Spring cleaning pesto for the sustainable Berkeley student

Natalie Abber/Staff

Like most Berkeley students paying a ridiculous sum of money to live in a shack, I live with seven other roommates in a small house originally built for a sweet family of four. And, like most homes built for a sweet family of four, our kitchen is miniscule and our fridge space nonexistent.

While each of us makes a sincere effort to only buy what we’ll actually eat throughout the week, it has become commonplace to simply toss half-full bags of spinach, slightly wilted butter lettuce or bruised spring mix in the trash the moment someone announces that they are “Going to Berkeley Bowl! Who wants to come?” Shopping at the market is fun, and anyone who has ever smelled aging kale knows exactly why it’s happily tossed into the dumpster.

On one such Sunday evening last semester, just as I was gearing up to toss the brownish basil I’d purchased a week prior for an Italian chicken sausage-rapini-pasta situation (by the way, if you don’t know what to have for dinner, this entree is exactly it), I turned to my roommate and asked if she also had any herbs or salad greens she was trying to get rid of. It was so sad seeing crumpled Trader Joe’s bags of wilted greens filling our trash bin when we could be making use of the mildly imperfect produce. Before I knew it, our kitchen counter was scattered with small bags of arugula, baby kale, Swiss chard, flat-leaf parsley and my sad little box of basil. I grabbed our blender, some garlic, olive oil, a little handful of cashews, a bigger handful of almonds, and salt and pepper and let it rip. We tasted as we went, adding more oil if it was too thick, more nuts if it was too grassy and more garlic because I’m not dainty!

It quickly became a Sunday tradition to make a pesto or Sliver-style green sauce for the house to share for the next week (read: the next hour before it’s demolished). This week’s concoction was vegan and included basil, Tuscan kale, the remnants of a bag of spinach found in the depths of our fridge (scary), lots of garlic, salt and pepper, lemon and a healthy dollop of raw tahini. Pesto is usually thought of as a boring basil/pine nut story, but really, all you need is a leafy vegetable or herb, some nuts, garlic and your oil of choice to make something vibrant and incredibly summery. Using these basic guidelines, you can add anything to the mix of ingredients you’re trying to get rid of! Too many limes left over from that Wild Thoughts and Tequila Shots shindig? Zest, squeeze and throw ‘em in! Sun-dried tomatoes? Hell, yeah! That block of parmesan cheese you just had to have? You know it! Taste as you go and trust your palette to tell you what you need to add. You’ll be surprised at how often you end up using the sauce to dip truly anything into, thin out for a fresh salad dressing, heap into a bowl of brown rice or casually eat with a spoon. You’ll look crazy gourmet, have an excuse to avoid homework, liven up your dinner regime and feel great about reducing waste!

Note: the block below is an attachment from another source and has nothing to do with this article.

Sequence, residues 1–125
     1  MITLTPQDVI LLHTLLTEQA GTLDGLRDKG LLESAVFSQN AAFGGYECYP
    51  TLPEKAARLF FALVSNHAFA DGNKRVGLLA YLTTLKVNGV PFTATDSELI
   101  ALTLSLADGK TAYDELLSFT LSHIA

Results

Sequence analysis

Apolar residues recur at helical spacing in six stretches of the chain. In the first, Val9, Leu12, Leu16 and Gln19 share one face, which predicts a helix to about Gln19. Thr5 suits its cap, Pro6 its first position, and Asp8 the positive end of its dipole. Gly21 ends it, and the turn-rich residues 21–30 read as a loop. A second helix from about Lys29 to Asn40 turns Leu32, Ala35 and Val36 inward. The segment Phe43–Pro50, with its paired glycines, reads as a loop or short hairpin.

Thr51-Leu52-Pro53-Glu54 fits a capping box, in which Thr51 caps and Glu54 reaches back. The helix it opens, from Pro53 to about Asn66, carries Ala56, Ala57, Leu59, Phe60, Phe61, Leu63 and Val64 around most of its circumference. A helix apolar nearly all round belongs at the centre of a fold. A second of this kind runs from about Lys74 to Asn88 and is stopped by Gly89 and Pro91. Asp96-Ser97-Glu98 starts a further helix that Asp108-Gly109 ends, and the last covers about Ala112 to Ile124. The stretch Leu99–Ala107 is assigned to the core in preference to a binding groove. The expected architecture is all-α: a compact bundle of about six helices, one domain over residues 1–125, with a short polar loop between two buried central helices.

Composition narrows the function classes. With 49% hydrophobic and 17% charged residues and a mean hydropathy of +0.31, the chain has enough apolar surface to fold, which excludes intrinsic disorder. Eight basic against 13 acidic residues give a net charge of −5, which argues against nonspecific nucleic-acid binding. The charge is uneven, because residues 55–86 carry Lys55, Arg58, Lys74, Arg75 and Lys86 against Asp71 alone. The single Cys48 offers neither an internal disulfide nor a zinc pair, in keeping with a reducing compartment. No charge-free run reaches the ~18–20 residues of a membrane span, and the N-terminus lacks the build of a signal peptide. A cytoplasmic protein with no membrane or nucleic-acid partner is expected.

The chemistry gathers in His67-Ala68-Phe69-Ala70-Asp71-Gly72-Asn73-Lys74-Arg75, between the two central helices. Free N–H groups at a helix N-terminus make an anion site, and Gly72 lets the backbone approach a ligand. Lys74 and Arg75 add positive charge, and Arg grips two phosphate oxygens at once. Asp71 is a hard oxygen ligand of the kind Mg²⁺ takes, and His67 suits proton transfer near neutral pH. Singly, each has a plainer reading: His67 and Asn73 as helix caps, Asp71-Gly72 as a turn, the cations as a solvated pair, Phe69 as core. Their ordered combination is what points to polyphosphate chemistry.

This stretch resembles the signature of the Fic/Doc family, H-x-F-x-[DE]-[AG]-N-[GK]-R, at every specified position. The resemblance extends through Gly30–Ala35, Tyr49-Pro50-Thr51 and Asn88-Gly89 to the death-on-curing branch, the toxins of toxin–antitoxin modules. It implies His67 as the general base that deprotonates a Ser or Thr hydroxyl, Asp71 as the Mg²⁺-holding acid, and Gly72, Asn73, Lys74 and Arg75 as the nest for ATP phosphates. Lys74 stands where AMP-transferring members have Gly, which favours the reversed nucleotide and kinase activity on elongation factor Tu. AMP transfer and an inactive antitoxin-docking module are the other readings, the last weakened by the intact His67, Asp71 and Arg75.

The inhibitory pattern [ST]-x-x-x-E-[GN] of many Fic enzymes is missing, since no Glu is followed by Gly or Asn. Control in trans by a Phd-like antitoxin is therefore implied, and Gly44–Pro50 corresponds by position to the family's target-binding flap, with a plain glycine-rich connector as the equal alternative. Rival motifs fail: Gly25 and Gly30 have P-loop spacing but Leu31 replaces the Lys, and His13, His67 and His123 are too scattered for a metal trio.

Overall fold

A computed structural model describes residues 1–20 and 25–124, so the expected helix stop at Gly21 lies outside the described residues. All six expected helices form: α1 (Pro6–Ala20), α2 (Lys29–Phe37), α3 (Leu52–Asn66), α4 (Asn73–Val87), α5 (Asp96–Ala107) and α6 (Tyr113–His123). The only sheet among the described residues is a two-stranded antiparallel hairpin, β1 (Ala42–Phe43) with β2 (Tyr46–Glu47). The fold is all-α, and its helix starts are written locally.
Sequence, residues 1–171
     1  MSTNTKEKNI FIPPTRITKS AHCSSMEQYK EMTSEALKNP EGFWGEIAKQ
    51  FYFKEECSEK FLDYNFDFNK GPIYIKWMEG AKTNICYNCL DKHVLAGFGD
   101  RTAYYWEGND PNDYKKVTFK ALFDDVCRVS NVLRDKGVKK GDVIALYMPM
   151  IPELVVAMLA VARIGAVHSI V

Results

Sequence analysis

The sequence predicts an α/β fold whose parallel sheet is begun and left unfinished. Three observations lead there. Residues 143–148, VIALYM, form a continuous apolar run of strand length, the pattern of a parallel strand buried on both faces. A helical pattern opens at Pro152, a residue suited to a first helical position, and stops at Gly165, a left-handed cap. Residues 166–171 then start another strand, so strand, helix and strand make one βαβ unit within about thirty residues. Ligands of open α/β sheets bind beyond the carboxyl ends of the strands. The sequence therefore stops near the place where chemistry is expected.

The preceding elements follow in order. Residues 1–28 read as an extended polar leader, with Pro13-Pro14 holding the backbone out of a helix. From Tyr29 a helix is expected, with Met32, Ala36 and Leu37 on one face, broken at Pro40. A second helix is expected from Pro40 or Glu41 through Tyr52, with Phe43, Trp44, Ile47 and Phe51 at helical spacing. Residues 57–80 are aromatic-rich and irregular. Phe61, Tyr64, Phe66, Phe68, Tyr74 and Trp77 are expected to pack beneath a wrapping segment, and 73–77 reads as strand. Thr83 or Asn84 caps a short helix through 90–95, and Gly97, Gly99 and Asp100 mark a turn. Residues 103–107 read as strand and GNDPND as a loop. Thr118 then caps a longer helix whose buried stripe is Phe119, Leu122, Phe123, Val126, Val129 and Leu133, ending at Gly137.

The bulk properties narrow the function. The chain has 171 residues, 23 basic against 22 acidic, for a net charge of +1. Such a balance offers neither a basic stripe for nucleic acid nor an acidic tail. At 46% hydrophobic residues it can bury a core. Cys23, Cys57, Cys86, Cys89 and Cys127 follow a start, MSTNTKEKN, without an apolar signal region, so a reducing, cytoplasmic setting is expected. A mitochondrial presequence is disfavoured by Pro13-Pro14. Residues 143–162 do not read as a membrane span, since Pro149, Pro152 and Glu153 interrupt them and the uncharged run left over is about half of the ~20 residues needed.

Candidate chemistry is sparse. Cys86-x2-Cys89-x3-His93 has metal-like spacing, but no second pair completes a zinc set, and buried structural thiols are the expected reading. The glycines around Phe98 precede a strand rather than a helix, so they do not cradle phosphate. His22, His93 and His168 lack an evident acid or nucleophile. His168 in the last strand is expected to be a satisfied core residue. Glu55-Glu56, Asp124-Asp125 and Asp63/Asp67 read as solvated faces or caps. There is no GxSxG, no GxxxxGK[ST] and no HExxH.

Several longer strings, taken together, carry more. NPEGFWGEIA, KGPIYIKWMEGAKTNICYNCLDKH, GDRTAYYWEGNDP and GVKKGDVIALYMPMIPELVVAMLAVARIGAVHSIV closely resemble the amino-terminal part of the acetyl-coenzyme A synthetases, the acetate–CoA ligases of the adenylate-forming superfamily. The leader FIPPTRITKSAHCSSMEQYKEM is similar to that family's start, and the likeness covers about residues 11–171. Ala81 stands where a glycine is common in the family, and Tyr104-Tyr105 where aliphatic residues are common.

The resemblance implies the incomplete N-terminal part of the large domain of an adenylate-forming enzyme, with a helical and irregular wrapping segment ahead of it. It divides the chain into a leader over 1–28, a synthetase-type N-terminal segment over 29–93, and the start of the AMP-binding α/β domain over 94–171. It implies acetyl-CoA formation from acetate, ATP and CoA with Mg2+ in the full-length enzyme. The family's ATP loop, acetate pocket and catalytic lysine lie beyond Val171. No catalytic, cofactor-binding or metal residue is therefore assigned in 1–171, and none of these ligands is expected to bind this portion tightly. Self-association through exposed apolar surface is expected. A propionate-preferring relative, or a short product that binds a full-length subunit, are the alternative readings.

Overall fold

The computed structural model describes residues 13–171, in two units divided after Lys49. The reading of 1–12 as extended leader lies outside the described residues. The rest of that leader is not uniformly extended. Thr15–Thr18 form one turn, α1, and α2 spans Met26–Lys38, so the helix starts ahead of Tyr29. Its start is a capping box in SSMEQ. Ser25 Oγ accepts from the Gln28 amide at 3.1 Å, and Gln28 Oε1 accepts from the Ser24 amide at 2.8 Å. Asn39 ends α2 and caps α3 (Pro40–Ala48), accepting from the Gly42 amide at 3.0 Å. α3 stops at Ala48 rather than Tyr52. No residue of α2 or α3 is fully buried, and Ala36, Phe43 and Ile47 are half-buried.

Not convinced? While I don’t have much of a recipe as our pesto is constantly transforming week by week, I included a basic beginner’s recipe below to get you going on your pesto grind. Chances are, you already own 100 percent of the ingredients. But even if you don’t, you’re a Berkeley student and know how to make it work. That’s the beauty of this dumpster-esque, everything-but-the-kitchen-sink recipe! If you ever need to get rid of something, simply toss it in.

Basic spring cleaning pesto recipe:

Note: If you’re lactose intolerant or vegan, feel free to omit the cheese.

Time: 10-15 minutes totalYield: About 2 cups


  • 1 cup kale (or any other dark leafy green of your choice)
  • 1 cup basil (if you don’t have it, feel free to add something flavorful like arugula or parsley instead)
  • 2 cloves garlic (try to use the fresh stuff, as powder is just a different species)
  • 1/3 cup parmesan cheese (As my girl Ina Garten says, “store-bought is fine, but freshly grated makes all the difference.”)
  • 2-3 tablespoons lightly chopped roasted cashews (or any nut!)
  • ½ cup extra virgin olive oil
  • Salt and pepper to taste


Call all of your roommates to the kitchen immediately to gather the goods!

Combine kale, basil leaves, cashews and garlic in a food processor/blender/Magic Bullet/mortar and pestle, and blend until very finely minced.

With the machine running very slowly, gradually pour in the oil and process until the mixture is smooth and creamy looking. Add the cheese and process very briefly, just long enough to combine. Store in refrigerator or freezer.

Happy spring cleaning!       

Contact Natalie Abber at [email protected].